When the Taliban seized control of Kabul in August 2021, Pakistani prime Minister Imran Khan had hailed it as Afghanistan’s liberation from the “shackles of slavery”.
His Inter-Services Intelligence Chief Faiz Hameed was seen sipping tea in the foyer of Kabul’s Serena Hotel while downplaying worries saying “everything will be ok”.
Following the Taliban’s takeover in 2021, over 600,000 had Afghans fled to Pakistan hoping to transition to other countries that promised asylum. Two years on, many are still in Islamabad, awaiting visa confirmations or refugee status.
They include students, doctors, musicians, activists, journalists, teachers, and ex-government servants. Rights activists also say the crackdown on Afghan refugees will, in the long run, harm Pakistan and its relationship with an unstable Afghanistan.
The repatriation process should respect the human rights of the deportees and with proper documentation, observes veteran urban planner Arif Hasan, writing for Dawn. Pakistan, he predicts, “will require the support of the Afghan nation in the not-too-distant future to stabilise itself”.
Costs to Pakistan
Since the announcement, more than 330,000 people have returned to Afghanistan, according to the United Nations High Commissioner for Refugees.
Those still in Pakistan face being kept in “holding centres”, maintained at a huge cost to the exchequer. The provincial Sindh government alone has allocated 4.5 billion rupees, around $16.16 million, to such centres. This at a time when Pakistan is grappling with a severe economic crisis that has seen the poverty rate jumping from 34% to 39% in a year.
Lawyers, journalists, and even the United Nations High Commissioner for Refugees are denied access to these “holding centres”, where refugees are reportedly herded into buses and cargo containers. They are also barred from carrying cash exceeding 50,000 rupees, or around $175, per family or taking their cattle and other belongings.
The government must “balance security concerns with humanitarian concerns”, ensuring that security does not trump everything else, said Saba Gul Khattak, former member of the Planning Commission of Pakistan.
Saba Gul Khattak also criticised the United Nations High Commissioner for Refugees for cutting off 46% of its funding allocated to Pakistan, leaving just $96.7 million for 3.7 million Afghans in the country.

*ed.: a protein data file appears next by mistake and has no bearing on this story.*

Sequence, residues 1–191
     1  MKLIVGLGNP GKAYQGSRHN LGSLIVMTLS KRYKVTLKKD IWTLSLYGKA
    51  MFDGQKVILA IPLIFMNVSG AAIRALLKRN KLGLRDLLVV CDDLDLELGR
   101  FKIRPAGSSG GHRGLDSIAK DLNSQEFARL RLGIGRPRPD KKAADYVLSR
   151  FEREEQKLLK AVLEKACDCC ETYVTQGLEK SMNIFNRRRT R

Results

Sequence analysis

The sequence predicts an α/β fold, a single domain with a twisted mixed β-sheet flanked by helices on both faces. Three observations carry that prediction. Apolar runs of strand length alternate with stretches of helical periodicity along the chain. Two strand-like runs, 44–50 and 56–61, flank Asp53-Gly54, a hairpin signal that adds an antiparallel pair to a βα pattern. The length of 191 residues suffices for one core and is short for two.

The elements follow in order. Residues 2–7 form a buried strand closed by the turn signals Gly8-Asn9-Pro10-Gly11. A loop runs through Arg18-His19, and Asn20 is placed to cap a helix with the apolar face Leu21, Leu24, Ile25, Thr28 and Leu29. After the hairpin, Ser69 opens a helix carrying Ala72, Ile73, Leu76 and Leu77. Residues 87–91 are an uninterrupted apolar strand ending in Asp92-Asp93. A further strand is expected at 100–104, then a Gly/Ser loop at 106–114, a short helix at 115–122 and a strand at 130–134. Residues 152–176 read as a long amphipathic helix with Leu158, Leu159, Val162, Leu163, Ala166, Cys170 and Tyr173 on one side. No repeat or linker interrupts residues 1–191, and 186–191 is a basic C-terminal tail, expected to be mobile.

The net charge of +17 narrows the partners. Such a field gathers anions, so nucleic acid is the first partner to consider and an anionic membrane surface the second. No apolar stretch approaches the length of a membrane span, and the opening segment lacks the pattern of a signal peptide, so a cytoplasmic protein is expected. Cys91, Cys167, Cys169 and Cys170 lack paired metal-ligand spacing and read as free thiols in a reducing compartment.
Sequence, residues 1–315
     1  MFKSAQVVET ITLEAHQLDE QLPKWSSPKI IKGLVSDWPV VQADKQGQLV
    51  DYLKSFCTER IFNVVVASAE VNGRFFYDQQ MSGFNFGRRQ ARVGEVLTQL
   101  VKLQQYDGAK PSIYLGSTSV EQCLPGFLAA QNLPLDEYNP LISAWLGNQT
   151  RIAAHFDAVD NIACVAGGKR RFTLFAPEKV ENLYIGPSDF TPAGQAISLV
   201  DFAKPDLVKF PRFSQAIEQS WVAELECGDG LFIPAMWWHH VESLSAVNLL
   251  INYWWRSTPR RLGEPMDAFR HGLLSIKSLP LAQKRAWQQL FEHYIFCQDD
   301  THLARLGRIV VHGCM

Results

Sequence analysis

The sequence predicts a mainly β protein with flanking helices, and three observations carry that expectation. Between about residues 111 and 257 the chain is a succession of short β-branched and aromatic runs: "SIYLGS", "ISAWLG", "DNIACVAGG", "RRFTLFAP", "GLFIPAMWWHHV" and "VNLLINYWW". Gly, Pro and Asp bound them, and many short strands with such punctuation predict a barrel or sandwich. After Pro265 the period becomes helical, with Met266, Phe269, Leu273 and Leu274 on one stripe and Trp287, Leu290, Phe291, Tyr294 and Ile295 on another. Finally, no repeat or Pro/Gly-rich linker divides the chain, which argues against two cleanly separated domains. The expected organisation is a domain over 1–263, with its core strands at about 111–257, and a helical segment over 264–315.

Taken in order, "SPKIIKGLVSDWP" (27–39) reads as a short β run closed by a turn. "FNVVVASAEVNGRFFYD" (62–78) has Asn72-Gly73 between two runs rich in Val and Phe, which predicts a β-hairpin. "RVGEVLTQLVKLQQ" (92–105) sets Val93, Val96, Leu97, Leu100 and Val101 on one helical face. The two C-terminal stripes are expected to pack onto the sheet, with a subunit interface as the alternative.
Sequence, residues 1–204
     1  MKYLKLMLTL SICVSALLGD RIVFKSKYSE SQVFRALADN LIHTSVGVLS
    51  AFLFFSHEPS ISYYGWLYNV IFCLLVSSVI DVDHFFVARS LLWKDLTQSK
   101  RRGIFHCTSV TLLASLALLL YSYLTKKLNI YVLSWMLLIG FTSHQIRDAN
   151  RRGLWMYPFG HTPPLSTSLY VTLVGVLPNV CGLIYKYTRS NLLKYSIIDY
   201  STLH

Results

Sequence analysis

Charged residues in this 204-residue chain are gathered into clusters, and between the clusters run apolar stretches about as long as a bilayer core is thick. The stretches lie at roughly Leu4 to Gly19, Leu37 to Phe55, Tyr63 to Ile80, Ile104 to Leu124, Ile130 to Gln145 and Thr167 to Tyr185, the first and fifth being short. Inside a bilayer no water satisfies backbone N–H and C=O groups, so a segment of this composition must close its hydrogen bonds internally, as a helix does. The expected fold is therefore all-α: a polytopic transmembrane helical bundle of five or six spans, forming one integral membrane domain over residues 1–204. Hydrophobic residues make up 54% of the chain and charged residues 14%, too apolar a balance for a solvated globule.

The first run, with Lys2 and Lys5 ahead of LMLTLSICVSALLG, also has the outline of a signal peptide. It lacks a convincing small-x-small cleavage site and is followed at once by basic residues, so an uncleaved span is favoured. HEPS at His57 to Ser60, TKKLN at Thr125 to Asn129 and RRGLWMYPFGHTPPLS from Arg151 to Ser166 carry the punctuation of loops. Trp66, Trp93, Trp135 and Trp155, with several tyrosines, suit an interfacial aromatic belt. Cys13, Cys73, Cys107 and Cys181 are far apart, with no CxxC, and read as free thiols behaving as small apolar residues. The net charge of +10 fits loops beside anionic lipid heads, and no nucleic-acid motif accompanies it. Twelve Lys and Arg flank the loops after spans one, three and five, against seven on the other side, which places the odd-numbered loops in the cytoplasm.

She underlined the discrepancy in the allocation of the refugee agency’s worldwide budget, with Asia receiving a disproportionately small portion of 9%, and the restricted offering of refugee visas capped at approximately 3,500 annually for resettlement, leaving thousands of vulnerable asylum seekers in limbo.
A refugee agency needs to “have a better communication policy with the public, explaining what’s happening and its constraints,” she said.
Xenophobia, domestic political considerations
The state machinery’s treatment of Afghan refugees has led to an exponential rise in casual racism and xenophobia against an already disenfranchised and marginalised community.
Afghan-owned shops and settlements in the capital have been targeted, as had happened before in 2016 and 2017 in several cities. Analysts say that the current drive enables the ethnic and racial stereotyping of Pashtun families of Afghan descent. Even those with legal status and their children in Karachi are being unlawfully detained and deported.
This is in contravention of the Citizens Act, 1951, as well as remarks by the Islamabad High Court in October and international laws. Hapless parents run pillar to post seeking the return of their deported children. There are occasional victories, like the three teenagers who were rescued before they could be expelled – all of them were born in Pakistan and had refugee documents.